Overall a very good platform, but there are a couple of questionable points. It would appear that point B is incompatable with anarchism, as coercion seems to be implied. However, maybe Bakunin intended some non-aggressive means for preventing churches from offering educational services, such as boycott and moral suasion.
Point H is a rather blatant inconsistency. The weakness of socialist anarchism becomes apparent - the glaring contradiction between liberty and equality (of conditions or result). How can people enjoy self-ownership, unqualified disposition of their persons and property, and at the same time others be guaranteed benefits of food, guidance, education, etc. at the expense of others. There seem to be only two possibilities: Either man must be coerced, or there must occur a fundamental change in the nature of man, or at least a sufficient number. Apparently Bakunin made this latter utopian assumption - one of the fatal errors of classical anarchism mentioned in the introduction. Realistically, people are not so pliable as to be molded by the wishful thinking of utopians. As for the other possibility of some people getting plundered to provide the benefits, we let Frederic Bastiat tell why this is mistaken.
The second half of your program will destroy the first. In fact, it is impossible for me to separate the word fraternity [or equality] from the word voluntary. I cannot possibly understand how fraternity can be legally enforced without liberty being legally destroyed, and thus justice being legally trampled underfoot. ...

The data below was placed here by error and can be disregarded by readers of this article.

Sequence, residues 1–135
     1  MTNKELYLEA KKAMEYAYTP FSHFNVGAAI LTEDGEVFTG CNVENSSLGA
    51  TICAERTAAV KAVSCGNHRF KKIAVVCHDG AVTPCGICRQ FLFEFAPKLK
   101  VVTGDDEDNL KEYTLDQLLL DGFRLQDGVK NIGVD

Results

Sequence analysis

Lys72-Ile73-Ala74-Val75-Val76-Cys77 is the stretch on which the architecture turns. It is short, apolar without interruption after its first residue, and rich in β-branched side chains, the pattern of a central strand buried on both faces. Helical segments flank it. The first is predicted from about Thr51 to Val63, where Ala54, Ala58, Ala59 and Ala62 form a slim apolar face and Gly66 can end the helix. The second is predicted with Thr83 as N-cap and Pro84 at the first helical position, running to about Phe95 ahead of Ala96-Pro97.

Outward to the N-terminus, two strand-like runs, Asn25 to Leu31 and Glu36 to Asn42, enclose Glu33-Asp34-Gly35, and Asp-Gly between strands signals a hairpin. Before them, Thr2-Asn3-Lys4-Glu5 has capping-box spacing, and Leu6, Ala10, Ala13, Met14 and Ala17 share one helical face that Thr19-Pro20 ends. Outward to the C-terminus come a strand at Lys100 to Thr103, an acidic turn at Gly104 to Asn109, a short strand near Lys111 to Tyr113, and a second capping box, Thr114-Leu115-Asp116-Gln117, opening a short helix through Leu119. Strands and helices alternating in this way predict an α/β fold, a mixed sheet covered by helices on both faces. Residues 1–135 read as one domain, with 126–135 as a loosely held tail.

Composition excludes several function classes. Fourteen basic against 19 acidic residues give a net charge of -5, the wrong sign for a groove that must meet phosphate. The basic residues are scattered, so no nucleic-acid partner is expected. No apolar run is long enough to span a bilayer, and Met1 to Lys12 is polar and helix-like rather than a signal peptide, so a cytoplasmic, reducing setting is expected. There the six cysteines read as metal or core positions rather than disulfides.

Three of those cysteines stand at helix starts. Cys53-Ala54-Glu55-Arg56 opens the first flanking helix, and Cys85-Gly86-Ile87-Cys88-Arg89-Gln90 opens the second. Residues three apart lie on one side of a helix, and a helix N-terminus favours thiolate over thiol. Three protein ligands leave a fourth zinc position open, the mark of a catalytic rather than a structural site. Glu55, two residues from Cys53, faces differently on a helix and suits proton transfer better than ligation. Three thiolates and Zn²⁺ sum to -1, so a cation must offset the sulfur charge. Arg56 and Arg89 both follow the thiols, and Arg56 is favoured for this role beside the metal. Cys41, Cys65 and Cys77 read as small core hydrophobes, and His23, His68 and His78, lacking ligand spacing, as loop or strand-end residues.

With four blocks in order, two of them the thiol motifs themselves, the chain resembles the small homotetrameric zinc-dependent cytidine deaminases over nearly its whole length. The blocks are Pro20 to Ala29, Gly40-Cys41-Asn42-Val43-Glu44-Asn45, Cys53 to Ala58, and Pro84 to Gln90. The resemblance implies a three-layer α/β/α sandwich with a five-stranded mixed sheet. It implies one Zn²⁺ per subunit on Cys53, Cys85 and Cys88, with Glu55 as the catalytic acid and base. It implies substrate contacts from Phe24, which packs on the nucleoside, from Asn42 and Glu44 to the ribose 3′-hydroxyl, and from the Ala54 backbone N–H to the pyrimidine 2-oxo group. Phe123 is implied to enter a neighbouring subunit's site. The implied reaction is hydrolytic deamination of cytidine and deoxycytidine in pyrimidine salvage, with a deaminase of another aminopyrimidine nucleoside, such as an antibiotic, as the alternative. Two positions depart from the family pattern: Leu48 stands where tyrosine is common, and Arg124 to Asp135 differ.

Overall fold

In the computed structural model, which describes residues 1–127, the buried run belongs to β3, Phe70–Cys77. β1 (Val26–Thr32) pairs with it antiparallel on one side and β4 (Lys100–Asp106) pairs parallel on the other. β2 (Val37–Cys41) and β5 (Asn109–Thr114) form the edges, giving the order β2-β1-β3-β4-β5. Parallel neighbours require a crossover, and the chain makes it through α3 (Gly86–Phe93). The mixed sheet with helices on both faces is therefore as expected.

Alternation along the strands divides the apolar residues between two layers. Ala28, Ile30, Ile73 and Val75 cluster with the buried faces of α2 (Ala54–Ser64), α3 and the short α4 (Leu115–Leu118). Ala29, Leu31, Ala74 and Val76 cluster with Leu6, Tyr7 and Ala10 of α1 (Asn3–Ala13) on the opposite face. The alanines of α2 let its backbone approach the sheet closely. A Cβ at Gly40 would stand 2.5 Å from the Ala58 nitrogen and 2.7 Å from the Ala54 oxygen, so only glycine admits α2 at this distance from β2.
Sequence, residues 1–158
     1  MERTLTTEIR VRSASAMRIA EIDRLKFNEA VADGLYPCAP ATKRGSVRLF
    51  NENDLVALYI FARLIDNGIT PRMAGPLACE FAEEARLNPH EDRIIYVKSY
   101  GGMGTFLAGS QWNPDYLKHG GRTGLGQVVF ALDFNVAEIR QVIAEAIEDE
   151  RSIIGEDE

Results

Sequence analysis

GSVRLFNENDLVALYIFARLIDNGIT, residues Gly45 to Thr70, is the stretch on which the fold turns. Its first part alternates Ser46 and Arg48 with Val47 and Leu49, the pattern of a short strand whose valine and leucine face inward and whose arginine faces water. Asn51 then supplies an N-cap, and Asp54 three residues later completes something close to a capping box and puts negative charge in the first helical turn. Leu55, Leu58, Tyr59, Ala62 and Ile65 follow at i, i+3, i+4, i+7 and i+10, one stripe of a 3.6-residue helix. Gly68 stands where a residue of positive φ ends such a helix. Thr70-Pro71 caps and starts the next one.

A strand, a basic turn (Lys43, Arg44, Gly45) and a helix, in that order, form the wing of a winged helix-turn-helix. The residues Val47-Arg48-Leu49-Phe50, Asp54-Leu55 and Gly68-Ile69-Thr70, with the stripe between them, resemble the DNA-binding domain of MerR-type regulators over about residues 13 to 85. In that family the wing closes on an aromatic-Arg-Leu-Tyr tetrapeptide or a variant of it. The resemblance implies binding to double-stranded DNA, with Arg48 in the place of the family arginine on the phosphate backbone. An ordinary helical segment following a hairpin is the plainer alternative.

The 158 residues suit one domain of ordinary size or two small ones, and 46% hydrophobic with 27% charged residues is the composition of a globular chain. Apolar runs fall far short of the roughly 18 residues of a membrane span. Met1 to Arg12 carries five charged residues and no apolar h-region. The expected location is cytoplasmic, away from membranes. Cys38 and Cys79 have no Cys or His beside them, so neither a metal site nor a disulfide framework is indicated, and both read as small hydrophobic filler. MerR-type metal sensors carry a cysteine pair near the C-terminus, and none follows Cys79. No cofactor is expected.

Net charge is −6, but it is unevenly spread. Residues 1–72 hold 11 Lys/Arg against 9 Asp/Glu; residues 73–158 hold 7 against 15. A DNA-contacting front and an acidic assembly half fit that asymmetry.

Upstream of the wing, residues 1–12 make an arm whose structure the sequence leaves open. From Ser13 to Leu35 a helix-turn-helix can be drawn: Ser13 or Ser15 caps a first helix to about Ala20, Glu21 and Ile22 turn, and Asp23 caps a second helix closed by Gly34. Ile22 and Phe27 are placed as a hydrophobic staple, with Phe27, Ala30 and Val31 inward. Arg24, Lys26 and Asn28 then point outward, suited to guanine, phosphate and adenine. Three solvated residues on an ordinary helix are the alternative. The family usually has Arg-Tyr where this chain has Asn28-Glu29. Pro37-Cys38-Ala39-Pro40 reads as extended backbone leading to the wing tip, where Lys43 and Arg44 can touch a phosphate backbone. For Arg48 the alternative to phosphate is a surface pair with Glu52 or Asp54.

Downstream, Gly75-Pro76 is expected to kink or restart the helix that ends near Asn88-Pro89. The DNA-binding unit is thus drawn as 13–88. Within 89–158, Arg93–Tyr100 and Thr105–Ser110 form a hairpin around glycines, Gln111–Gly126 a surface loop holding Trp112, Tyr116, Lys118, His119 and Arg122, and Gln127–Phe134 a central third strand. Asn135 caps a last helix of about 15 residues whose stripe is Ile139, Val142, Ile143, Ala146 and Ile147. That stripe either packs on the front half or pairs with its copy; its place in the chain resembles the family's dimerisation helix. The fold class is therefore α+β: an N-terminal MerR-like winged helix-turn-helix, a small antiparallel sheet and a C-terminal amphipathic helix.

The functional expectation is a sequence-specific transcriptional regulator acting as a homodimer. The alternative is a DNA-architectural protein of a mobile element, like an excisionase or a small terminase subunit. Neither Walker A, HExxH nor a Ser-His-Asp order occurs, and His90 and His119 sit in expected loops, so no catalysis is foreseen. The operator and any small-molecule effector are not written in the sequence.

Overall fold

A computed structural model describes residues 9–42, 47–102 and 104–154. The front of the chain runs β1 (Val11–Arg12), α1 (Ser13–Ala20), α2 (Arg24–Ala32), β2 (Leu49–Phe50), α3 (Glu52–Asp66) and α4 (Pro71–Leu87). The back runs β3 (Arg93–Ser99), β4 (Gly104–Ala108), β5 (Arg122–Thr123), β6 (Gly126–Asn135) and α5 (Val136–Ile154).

He is struck by the spectacle of the inequality that he sees. He deplores the deprivations which are the lot of so many of our brothers, deprivations which appear to be even sadder when contrasted with luxury and wealth. ... Since all persons seek well-being and perfection, would not a condition of justice be sufficient to cause the greatest efforts toward progress, and the greatest possible equality that is compatible with individual responsibility? Would not this be in accord with the concept of individual responsibility ... that mankind may have the choice between vice and virtue, and the resulting punishment and reward? But the politician [or socialist] never gives this a thought. His mind turns to organizations, combinations, and arrangements - legal or apparently legal. He attempts to remedy the evil by increasing and perpetuating the very thing that caused the evil in the first place: legal plunder. - Frederic Bastiat, The Law